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Swiss Family Robinson / quad / 1976 re-release / UK

10.08.15

Poster Poster

A typically detailed and action-packed illustration by Brian Byouth on this 1976 re-release poster for the 1960 Disney adaptation of the 1812 novel The Swiss Robinson by Johann David Wyss. The story had already been filmed once by RKO pictures in 1940 and was a commercial success so another adaptation was considered a sure bet. Filmed on location in Tobago as well as at Pinewood studios in the UK, the film was directed by the late British director Ken Annakin who worked with Disney on a number of pictures. Legendary Brit actor John Mills plays the father of a family that is shipwrecked on a remote tropical island whilst en-route to New Guinea and the film deals with their adventures as they make a new home and try to cope with marauding pirates who are roaming the waters around the island and are causing havoc for ships that enter its waters.

The film differs significantly from the novel and the changes are detailed on the Wikiepdia page for the film. Happily for all involved it was well received by critics and audiences and went on to be the highest earning film of 1960 (beating Hitchcock’s Psycho and Kubrick’s Spartacus). Adjusted for inflation the film made over $427 million which makes it one of the biggest hits of all time. 

British artist Brian Bysouth worked on many Disney posters during the 1970s and early 1980s, including several for re-releases of earlier films from the 1950s and 60s like this one. Brian is one of my favourite artists and worked on many classic posters from the 1960s to the 1980s, including the final painted poster for a James Bond film, The Living Daylights. In 2012 I was fortunate to meet and interview Brian for this site and the article can be read here. The other posters I’ve collected by Brian can be seen by clicking here.

The Man in the White Suit / quad / 1993 re-release / UK

11.02.15

Poster Poster

The Man in the White Suit is a satirical comedy that was made for the famous Ealing Studios in London and released in 1951. Directed by regular Ealing collaborator Alexander Mackendrick (who also helmed The Ladykillers and others), the film stars Alec Guinness as Sidney Stratton a frustrated chemist who is obsessed with creating an everlasting fibre. Sidney has been fired from several mills around Manchester because of his unauthorised use of expensive lab materials and his focusing on invention instead of the job he’s being paid to do. After starting at Alan Birnley’s (Cecil Parker) textile mill he manages to wangle an unpaid job as a researcher and is eventually afforded the space and materials to come up with his miracle fibre that resists all dirt and stays spotless.

Soon the management are aware of his invention, thanks to Birnley’s daughter Daphne (Joan Greenwood) spotting the potential, and are about to go public with the news when the trade unions and mill workers get involved. Both parties realise that such an invention will put them out of business since the public will never need to buy items made from the material again. They end up trying to bargain with Sidney but when he realises they just want to suppress the invention he tries to escape from their clutches, leading everyone on a chase around town. Unluckily for Sidney, it turns out his invention is not as robust as he’d hoped!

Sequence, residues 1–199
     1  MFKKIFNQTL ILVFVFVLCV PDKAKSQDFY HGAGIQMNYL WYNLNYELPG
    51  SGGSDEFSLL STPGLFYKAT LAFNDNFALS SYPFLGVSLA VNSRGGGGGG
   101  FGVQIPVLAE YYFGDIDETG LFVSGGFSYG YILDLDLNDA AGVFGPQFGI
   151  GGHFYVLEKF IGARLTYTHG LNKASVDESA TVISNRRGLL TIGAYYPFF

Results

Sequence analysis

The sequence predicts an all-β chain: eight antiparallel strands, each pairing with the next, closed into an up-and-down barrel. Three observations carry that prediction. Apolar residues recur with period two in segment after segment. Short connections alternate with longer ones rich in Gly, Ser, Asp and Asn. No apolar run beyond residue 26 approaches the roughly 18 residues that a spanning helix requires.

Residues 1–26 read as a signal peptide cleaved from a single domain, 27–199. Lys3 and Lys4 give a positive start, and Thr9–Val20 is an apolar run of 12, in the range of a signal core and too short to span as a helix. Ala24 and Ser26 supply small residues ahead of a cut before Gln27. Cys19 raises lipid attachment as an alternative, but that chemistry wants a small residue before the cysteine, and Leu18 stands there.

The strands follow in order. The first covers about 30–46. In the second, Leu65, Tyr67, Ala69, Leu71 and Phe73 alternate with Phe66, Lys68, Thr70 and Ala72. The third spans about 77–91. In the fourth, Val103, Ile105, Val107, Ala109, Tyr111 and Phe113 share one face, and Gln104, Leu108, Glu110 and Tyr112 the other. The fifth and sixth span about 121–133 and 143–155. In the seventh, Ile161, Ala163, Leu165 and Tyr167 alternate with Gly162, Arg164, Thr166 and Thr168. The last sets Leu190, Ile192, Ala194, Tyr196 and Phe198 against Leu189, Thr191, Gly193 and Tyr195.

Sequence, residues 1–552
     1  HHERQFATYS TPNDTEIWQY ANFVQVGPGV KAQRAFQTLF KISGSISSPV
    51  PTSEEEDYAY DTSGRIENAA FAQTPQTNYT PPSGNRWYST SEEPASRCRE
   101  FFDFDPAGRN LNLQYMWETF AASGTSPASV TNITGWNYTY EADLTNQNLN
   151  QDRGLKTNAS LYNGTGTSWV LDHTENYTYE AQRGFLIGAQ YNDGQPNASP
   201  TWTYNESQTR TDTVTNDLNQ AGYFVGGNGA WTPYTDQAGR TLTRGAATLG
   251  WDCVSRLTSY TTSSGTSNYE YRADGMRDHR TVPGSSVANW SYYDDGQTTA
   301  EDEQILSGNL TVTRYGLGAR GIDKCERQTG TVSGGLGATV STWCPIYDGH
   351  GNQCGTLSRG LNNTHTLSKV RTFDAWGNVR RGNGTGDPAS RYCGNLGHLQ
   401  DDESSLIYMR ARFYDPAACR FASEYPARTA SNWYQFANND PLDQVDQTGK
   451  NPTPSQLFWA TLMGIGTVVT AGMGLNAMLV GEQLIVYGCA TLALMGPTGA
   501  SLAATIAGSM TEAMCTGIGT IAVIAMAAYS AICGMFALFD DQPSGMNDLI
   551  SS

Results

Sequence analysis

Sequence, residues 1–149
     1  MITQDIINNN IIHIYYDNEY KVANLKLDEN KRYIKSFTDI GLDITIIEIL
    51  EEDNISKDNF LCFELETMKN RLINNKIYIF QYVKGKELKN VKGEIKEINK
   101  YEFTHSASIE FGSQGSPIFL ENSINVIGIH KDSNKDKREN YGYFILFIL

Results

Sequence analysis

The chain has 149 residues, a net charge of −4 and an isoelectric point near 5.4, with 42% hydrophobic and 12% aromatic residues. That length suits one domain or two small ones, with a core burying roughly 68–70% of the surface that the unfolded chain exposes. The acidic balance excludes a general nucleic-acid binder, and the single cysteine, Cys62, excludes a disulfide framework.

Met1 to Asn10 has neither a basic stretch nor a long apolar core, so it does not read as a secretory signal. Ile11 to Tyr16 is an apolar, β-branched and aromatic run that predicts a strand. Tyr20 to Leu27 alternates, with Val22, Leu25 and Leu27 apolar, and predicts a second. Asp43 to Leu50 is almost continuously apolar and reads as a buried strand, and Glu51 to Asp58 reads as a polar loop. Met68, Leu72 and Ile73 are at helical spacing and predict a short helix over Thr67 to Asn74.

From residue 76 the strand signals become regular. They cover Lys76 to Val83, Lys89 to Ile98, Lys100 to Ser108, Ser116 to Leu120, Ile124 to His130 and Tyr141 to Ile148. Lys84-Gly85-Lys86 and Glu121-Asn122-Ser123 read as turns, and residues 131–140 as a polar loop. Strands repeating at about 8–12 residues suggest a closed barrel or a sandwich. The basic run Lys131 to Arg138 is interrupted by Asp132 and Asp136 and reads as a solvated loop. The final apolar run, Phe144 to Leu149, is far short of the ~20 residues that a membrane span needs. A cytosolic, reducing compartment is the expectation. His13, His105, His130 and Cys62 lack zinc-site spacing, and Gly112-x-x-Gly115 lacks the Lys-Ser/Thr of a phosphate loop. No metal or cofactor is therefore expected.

This British quad is from a BFI re-release of the film in 1993 (thanks to Sim Branaghan for confirmation of the exact year). It’s almost identical to the original 1950s quad but is missing the original distributor logo in the bottom left-hand corner, as well as the designer/artist credits. See this thread on the NSFGE poster forum for details and check out the image of a previous sale of the poster at Christies auction house.

The original 1951 quad was one of two that featured on the cover of Sim Branaghan‘s must-own British Film Posters, the definitive reference for those interested in the history of the subject. As detailed in the book, the poster was designed by man called Sydney John Woods who Sim notes was ‘more or less single-handedly responsible for the Ealing poster success’. Born in 1915, Woods trained as a graphic designer and painter and was also an art critic. He also design posters for theatres, including the Old Vic and Sadler’s Wells before starting to work for the film industry with a role in Fox’s publicity department.

Woods joined Ealing in 1943 and worked there until the studios’ demise in 1959. Sim notes that Woods ‘revealed perhaps his greatest skill as an impresario, marshalling, encouraging, and exploiting to best advantage the talents of other artists’. He built up an impressive stable of artists that he could call on to produce illustrations for the studios’ output. This included the cartoonist Nicolas Bentley (for Passport to Pimlico, 1949) and Ronald Searle, creator of the St. Trinian’s cartoons (for The Lavender Hill Mob, 1951). The same year he would commission the artist A. R. Thomson to paint this portrait of Alec Guinness.

Thomson was born deaf and dumb in India in 1894 to a civil servant father who later brought the family back to London where Alfred attended the Royal School for Deaf Children. He became known as the ‘deaf and dumb artist’ and would go on to work on commercial advertising for the likes of Daimler, and also became the RAF’s official war artist in 1940. Interestingly, he was also the last person to win a gold medal for painting at the 1948 Olympic games in London (the last year that artists were allowed to compete). Thomson passed away in 1979. The ArtUK site features a gallery of his work.